(musTh1) Phrases, Periods, and more

The book chapter (Ch. 12: Phrase Structure and Grouping) is relatively clear, so I’m not going to rehash everything from it, or class, here. I’ll just post some useful things to remember.

Phrase lengths are typically multiple measures of two, with four being the most common. Since pickups balance out at beginning and end to make a full measure, you don’t count the pickups as a measure.

Phrases usually have a strong cadence to mark their end. If you don’t find a strong cadence, it probably isn’t a phrase ending. Remember that you don’t end a half-cadence on V7 — only on V (the triad).

Tempo and strength of cadences help to determine phrase endings. In very slow tempos it isn’t unusual to have two measure phrases. In faster tempos, eight measure phrases often appear.

Two phrases can group together to form a period. Periods have an antecedent and consequent relationship, usually through open and closed harmonic cadences. Additionally, we can specify if a period is parallel or non-parallel based on the thematic content of the two phrases. Double periods can occur when two periods from and antecedent/consequent relationship. Usually the first period will end on a half-cadence, and the second period will end on an authentic cadence.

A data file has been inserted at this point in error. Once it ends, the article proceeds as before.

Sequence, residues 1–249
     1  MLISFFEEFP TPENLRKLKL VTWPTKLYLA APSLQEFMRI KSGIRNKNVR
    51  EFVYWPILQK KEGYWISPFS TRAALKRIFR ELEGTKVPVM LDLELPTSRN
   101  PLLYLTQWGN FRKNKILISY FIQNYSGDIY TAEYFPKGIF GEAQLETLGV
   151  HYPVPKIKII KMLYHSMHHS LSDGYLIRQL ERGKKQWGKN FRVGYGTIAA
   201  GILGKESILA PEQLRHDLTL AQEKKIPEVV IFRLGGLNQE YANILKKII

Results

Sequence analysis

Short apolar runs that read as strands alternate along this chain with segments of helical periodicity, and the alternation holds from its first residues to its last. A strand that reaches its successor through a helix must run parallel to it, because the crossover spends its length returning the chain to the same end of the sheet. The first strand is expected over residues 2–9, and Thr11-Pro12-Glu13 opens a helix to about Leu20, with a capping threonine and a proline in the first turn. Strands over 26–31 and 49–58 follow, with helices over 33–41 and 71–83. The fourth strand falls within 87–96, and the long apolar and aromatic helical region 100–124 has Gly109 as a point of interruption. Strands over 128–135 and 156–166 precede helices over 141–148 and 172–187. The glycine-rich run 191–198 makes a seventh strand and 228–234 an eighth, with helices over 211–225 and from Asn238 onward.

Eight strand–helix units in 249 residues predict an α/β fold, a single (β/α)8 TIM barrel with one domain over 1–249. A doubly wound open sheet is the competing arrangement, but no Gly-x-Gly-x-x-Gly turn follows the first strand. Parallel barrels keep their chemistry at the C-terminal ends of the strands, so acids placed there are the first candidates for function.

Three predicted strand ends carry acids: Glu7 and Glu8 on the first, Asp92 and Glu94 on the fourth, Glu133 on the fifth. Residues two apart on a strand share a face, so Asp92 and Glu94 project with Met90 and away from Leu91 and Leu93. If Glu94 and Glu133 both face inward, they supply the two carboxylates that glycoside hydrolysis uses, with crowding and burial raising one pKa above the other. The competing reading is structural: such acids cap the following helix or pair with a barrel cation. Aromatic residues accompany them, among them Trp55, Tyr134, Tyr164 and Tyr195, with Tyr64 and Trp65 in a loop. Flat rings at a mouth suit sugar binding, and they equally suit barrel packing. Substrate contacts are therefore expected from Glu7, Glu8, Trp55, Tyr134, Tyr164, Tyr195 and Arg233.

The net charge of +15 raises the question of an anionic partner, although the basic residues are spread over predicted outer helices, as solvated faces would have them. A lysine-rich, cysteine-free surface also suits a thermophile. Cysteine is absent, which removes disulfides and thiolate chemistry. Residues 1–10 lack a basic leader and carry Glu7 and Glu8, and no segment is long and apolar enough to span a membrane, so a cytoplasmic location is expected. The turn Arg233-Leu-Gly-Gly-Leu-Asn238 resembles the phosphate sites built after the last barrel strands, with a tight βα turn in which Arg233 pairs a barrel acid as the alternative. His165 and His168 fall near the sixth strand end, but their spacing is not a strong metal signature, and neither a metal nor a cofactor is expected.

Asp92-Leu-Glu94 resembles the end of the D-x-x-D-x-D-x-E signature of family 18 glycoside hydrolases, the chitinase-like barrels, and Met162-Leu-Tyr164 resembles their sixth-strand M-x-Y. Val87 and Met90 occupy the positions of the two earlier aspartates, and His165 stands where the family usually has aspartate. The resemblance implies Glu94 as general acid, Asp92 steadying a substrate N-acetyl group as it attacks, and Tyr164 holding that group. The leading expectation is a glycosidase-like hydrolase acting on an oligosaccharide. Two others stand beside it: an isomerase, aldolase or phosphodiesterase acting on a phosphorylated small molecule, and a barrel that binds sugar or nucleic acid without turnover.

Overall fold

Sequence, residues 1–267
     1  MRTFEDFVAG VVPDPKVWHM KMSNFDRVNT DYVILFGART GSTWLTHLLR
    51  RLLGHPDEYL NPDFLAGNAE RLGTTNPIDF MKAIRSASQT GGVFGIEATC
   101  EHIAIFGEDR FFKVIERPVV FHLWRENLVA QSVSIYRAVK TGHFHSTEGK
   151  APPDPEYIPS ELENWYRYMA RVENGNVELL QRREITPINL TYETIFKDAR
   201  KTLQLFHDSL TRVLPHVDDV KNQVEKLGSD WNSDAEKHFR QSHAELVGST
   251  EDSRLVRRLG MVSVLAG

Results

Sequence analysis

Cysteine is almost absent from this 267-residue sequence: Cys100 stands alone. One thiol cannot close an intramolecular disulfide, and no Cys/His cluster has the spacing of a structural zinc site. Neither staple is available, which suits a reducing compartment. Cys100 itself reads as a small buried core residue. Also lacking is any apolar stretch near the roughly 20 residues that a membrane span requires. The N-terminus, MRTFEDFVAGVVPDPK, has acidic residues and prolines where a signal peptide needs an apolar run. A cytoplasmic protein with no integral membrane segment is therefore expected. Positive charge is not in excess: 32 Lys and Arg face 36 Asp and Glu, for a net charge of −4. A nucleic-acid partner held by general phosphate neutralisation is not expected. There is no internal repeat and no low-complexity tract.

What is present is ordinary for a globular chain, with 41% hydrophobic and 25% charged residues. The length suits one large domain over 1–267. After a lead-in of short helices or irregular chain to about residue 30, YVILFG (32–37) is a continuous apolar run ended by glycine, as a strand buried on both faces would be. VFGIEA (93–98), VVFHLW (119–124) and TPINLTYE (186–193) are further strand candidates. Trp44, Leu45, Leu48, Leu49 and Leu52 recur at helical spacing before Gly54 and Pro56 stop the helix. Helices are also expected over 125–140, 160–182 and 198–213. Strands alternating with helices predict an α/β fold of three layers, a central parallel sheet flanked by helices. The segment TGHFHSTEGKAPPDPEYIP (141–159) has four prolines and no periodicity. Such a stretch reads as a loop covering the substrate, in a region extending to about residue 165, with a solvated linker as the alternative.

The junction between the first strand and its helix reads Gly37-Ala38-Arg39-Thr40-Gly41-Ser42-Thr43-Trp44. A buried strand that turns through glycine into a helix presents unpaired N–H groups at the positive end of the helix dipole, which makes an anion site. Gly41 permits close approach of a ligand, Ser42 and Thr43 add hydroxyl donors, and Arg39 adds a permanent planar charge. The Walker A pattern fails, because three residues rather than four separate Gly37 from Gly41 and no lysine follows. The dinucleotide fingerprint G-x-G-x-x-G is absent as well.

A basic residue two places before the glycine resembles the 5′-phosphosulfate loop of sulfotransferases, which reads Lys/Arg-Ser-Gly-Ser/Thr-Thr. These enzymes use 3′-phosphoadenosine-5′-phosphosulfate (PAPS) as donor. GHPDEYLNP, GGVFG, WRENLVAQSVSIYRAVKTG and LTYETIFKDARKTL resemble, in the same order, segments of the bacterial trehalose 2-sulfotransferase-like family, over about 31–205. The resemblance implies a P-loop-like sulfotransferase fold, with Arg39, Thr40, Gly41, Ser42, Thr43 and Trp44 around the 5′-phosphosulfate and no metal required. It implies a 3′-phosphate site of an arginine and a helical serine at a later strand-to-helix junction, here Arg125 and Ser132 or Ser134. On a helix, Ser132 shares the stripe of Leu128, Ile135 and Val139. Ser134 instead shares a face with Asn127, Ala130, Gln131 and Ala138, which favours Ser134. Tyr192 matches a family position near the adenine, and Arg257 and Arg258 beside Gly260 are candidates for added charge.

Phrases that don’t form period relationships can be referred to as phrase groups.

Miniature formal design refers to the grouping of phrases thematically. We’ve covered binary, song form, and ternary.

Phrases tend to repeat at the same length. We refer to this property as phrase periodicity. 

Extension of phrase length happens either through cadential extension with rhythmic emphasis on the final cadential harmony (most often), or through internal extension (something added or repeated not at the cadence).

Contraction of phrase length is also possible. This most often occurs from simply dropping measures (all or part) from a thematic repetition of a phrase. Elisions are different. Phrases that elide share the same ending measure (first phrase) and beginning measure (second phrase). 

Phrases can subdivide internally. Any subdivision of a phrase is a sub-phrase.


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